Perhaps the reason is that the founder and CEO
is Larry Ellison, who seems to thrive on instability.
In the past month, Oracle’s stock has been surging. I would not be
surprised if it continues to do so.
The company will report its earnings on December 10. And, according to the
company, things look optimistic. For example, the company has been
aggressively slashing its operating costs (by about $1 billion in the past
What’s more, the company has been transitioning its sales
towards Web distribution. After all, that’s what such companies as Cisco
and Intel have done – with great results.
Taking a closer look at Oracle, the company does not look like a mature
relational database company; rather, it seems like a business-to-business
powerhouse. Keep in mind that many companies already use Oracle as their
database infrastructure. So, adding B2B functionality seems like a
no-brainer for Oracle.
Actually, Oracle has established the Oracle Exchange, which will launch
early next year. As the name implies, it is a platform for industries to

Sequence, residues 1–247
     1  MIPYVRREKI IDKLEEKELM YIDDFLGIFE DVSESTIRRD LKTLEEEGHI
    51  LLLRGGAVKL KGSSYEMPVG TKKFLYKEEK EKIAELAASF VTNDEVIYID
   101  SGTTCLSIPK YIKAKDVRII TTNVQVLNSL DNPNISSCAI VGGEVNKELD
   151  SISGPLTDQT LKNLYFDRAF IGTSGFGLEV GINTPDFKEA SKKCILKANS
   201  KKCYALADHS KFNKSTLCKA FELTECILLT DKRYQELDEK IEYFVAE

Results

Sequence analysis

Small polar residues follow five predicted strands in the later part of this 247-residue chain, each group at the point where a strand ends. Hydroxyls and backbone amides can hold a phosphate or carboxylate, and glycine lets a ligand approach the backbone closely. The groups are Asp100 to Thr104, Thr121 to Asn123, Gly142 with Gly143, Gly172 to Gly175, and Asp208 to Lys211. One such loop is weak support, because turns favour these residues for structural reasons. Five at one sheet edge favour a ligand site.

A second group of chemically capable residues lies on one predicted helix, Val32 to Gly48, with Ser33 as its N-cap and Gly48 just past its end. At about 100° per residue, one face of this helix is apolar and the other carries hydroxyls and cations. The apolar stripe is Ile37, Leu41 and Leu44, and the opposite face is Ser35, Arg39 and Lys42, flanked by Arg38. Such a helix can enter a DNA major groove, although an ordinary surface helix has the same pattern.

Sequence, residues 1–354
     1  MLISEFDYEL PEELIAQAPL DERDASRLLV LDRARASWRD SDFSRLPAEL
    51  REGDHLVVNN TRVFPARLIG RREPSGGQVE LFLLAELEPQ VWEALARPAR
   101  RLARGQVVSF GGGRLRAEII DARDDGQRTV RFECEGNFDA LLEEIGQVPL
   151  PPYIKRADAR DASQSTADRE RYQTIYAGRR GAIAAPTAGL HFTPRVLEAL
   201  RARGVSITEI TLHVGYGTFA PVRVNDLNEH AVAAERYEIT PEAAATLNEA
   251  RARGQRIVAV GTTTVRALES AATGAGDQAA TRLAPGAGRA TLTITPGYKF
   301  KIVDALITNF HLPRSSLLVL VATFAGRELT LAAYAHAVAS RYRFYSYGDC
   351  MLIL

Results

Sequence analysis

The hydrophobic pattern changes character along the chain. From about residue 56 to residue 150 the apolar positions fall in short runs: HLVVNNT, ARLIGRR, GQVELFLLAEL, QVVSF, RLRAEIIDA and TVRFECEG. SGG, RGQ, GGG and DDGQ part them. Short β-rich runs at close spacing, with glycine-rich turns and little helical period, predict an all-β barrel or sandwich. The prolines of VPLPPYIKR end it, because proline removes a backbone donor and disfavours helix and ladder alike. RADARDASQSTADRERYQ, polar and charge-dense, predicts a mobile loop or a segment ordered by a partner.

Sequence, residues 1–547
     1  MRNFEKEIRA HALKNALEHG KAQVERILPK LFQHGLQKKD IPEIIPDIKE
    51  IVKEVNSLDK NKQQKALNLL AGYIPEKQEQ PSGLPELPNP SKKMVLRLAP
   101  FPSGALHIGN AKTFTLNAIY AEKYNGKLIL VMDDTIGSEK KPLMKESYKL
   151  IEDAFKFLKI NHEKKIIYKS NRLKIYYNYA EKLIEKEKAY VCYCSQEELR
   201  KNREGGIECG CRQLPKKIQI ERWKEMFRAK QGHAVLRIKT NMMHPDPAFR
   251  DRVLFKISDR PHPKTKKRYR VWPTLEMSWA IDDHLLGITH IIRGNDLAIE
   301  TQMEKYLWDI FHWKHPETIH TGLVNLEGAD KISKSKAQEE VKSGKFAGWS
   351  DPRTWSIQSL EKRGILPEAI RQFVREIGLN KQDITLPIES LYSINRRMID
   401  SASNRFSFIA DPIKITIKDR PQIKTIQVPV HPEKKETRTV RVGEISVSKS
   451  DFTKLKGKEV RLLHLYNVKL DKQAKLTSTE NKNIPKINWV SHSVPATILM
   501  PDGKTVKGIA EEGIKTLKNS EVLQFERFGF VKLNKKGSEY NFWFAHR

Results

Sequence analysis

buy, sell and auction goods and services. For any B2B exchange to work,
there needs to be plentiful buyers and sellers. So far, Oracle has
signed-up 270 suppliers and distributors.
Interestingly enough, Ford Motor signed a deal to use the platform for its
AutoXchange network, which allows its suppliers and distributors to transact
online. American Express has a similar deal, to enable corporate employees
to book airline flights, hotel reservations, and so on.
One likely strategy for Oracle is to spin-off these units as IPOs. In fact,
Oracle has already spun-off other divisions, such as Liberate (LBRT),
which came public at $20 and is now trading for $127-5/8.
The main reason is that a substantial amount of revenues from Oracle
derive from traditional lines of business (such as consulting and
licensing). However, the B2B revenues should spike the growth rate of the
company and result in a higher valuation. It could represent a lower-risk
approach to play the B2B trend.